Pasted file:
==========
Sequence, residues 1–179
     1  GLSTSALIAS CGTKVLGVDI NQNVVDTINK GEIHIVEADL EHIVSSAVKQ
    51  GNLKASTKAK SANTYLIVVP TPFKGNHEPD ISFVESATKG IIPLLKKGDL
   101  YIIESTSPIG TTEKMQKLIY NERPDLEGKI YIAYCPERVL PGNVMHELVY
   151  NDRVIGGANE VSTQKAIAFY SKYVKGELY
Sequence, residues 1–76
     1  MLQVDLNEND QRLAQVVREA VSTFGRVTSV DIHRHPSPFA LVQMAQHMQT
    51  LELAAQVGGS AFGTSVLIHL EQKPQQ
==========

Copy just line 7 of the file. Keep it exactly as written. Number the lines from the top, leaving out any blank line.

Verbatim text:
     1  MLQVDLNEND QRLAQVVREA VSTFGRVTSV DIHRHPSPFA LVQMAQHMQT